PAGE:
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Part 4. Co-producing with unpaid carers



In the previous sections we have covered general considerations about co-production and how it can be applied in a wide range of situations and with all sorts of service users and carers, colleagues and partner organisations. In this section we’re looking at carer-specific issues: what their circumstances or concerns might be, and what to bear in mind when working specifically with unpaid carers.

What we mean by “unpaid carers”

Unpaid carers are people who offer support to a friend, neighbour, or family member who wouldn’t otherwise cope without their help; and who provide this support on a voluntary, unpaid basis. (This is not to be confused with some jobs which may include the word ‘carer’ in the title! The carers we are referring to can sometimes be referred to as “unpaid carers” or “family carers” to avoid this confusion, although both terms have their limitations.) Unpaid carers may support someone with learning disabilities, mental health issues, substance use issues, or physical health conditions.

The 2021 census recorded more than 310,000 unpaid carers in Wales – that’s 1 in 10 people looking after a loved one (and sometimes more than one). Unpaid carers can be any age, and include many young carers: children and young adults looking after siblings, parents or grandparents. Parent carers support a disabled child or children, often continuing into adulthood. Working carers fulfil their caring responsibilities alongside their day job. Two people may be co-carers – this is common among older couples, where each one looks after the other in different ways. Unpaid carers can be a combination of the situations above, for example working, looking after a disabled child, and supporting an elderly parent all at the same time.

For more on who unpaid carers are, what they do, and what their rights are, watch the Carer Aware animation with accompanying handout:


How to co-produce with unpaid carers

All the co-production values and approaches we have already covered apply equally to unpaid carers as to service users and other citizens; but there are some specific issues it will be helpful for you to bear in mind.

Unpaid carers typically have very high demands on their time. Many are combining their caring role with work, education, and/or the other responsibilities that we all have in day-to-day life. You really must value carers’ time, and make sure that any time you’re asking them to contribute to a co-production process is meaningful and well spent.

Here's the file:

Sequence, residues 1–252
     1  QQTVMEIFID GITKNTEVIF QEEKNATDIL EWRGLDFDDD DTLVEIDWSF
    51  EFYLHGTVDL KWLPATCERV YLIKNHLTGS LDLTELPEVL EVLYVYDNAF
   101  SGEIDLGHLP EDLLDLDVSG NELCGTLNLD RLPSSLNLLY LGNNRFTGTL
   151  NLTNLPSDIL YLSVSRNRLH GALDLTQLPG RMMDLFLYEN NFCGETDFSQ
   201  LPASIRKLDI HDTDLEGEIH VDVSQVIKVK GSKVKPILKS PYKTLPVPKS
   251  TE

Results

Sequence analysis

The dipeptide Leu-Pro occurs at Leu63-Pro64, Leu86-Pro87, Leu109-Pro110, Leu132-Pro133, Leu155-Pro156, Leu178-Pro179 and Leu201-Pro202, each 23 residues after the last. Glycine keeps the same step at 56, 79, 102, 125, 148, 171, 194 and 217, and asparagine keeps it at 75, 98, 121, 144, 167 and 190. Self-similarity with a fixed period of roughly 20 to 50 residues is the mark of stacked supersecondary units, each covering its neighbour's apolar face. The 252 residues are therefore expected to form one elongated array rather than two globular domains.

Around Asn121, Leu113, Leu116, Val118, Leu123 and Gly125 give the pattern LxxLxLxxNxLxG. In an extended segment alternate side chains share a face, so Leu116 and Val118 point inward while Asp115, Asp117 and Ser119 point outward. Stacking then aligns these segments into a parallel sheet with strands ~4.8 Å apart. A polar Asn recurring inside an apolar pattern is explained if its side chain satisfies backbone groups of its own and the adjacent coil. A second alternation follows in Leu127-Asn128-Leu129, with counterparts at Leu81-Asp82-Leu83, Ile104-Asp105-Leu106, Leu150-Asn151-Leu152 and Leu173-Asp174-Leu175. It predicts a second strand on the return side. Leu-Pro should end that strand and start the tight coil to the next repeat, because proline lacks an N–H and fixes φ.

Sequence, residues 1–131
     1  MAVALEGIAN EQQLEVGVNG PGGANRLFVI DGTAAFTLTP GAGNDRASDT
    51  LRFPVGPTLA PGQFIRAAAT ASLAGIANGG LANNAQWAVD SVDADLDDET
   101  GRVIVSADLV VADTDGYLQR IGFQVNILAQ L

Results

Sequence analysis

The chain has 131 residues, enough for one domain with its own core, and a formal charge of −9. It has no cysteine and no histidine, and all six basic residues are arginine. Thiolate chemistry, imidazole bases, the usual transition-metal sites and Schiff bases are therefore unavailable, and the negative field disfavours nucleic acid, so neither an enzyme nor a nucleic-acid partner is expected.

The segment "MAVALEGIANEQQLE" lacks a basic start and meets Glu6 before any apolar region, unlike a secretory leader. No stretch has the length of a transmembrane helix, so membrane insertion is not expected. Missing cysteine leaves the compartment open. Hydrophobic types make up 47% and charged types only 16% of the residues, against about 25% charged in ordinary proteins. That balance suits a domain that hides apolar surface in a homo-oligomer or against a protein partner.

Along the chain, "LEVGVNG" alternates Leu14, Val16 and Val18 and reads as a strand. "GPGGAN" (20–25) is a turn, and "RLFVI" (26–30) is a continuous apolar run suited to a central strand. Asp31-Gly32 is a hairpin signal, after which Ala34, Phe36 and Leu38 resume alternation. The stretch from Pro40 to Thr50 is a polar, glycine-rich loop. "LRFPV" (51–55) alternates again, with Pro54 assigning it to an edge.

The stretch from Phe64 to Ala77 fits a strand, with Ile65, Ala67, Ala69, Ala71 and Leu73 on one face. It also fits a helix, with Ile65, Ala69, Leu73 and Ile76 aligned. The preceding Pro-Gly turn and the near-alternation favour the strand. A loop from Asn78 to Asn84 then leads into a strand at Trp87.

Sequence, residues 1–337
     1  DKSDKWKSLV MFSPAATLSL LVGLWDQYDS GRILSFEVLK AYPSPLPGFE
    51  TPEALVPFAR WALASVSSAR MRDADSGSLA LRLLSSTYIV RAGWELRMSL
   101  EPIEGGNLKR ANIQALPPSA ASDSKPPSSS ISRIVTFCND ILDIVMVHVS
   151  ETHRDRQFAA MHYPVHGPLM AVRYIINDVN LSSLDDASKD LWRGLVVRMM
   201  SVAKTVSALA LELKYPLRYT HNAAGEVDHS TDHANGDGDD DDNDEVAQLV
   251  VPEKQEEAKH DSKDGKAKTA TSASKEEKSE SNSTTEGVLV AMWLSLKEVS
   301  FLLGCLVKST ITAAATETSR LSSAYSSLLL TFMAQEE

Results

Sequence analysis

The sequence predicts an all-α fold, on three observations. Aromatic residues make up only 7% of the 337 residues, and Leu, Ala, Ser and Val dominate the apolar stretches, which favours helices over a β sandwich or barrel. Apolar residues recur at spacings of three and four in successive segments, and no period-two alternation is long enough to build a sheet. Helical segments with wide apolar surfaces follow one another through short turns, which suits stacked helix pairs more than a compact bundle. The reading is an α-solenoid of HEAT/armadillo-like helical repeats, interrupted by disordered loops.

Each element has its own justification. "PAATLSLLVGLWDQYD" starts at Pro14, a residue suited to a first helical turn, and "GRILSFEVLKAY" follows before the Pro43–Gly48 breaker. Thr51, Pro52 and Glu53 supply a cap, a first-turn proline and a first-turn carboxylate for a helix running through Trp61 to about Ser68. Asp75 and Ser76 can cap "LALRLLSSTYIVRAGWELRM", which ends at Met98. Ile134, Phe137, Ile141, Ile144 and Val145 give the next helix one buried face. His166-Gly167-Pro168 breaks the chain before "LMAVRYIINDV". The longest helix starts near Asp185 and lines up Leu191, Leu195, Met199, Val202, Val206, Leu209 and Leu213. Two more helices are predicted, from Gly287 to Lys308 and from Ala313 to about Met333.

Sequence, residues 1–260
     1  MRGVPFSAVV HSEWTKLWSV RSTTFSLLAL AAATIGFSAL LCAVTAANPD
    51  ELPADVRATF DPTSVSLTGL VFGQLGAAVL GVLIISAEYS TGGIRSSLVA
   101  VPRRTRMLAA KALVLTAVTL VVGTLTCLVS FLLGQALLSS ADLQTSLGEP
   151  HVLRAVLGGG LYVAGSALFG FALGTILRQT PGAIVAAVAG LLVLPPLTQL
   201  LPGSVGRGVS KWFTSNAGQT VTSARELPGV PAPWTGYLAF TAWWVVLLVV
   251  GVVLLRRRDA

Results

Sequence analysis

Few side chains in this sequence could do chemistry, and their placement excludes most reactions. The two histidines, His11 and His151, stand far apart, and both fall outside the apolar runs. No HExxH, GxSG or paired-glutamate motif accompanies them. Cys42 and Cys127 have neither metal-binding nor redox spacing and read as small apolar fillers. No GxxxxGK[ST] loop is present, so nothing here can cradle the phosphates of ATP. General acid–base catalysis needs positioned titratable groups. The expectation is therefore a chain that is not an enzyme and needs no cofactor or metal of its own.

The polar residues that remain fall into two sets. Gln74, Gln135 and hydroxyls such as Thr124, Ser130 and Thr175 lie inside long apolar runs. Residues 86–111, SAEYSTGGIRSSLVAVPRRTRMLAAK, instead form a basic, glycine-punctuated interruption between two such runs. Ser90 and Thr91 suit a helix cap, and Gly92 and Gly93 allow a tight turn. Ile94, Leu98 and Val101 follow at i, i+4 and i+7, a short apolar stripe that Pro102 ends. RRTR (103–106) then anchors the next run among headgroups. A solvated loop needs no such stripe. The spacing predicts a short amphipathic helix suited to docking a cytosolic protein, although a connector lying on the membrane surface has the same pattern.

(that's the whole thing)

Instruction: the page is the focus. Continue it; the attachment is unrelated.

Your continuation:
Unpaid carers typically have very little spare time, let alone time for themselves. Consider how any time they spend co-producing with you could either combine with something they’re already doing, and/or, offer something that allows them some ‘me’ time such as a social activity or food.

Unpaid carers may have to arrange alternative care in order to join a co-production activity: either booking in paid care, or asking a favour from other friends or family. Can you cover any replacement care costs, or otherwise offer help? This also means that carers may not be able to be as flexible as others, due to the planning and other people involved; give people plenty of notice, be well organised, and avoid last minute invitations or cancellations.

Unpaid carers are frequently excluded from healthcare planning discussions, and/or expected to start (or re-start) their caring role with little notice, despite usually providing more day-to-day care than the professionals do. You must consider how you include the carers’ perspectives and expertise in decisions, as well as those of your service users and patients. Remember: you may be the expert in your professional area, but the carer is the expert in knowing the person they care for and their own life as an unpaid carer.


What unpaid carers say

Check out “In Carers’ Own Words”, our series of self-filmed videos in which unpaid carers describe their day-to-day lives, as well as their experiences of working with health and social care professionals:

Unpaid carers from Black, Asian and minority ethnic communities reported an especially pronounced ‘lack of fit’ between services and their needs, in recent research carried out by Carers Trust Wales. Please see our findings about carers’ experiences, and recommendations for services.

Experiences of unpaid carers from Black, Asian and minority ethnic communities report:


How to better meet unpaid carers’ needs in services

One area which unpaid carers frequently say doesn’t work as well as it should for them, is when the person they care for is admitted to hospital and, especially, when they are being discharged from hospital. In response to this, Carers Trust Wales co-produced hospital discharge guidance with unpaid carers and NHS health professionals. 

The guides below contain specific practical guidance about working with unpaid carers (e.g. patient confidentiality issues), and how services can be structured to better meet carers’ needs (e.g. someone with specific responsibility in every MDT meeting). This will be of interest whatever your area of work, to draw on practice examples of supporting unpaid carers more effectively - which ultimately benefits everyone: the carer, the patient, and the professional teams.

  • Good practice guide for hospital discharge: a policy guide for strategic and senior staff involved in planning services (18 pages)
  • Involving unpaid carers in hospital discharge / transfer of care: a practical guide for frontline clinical staff (4 pages)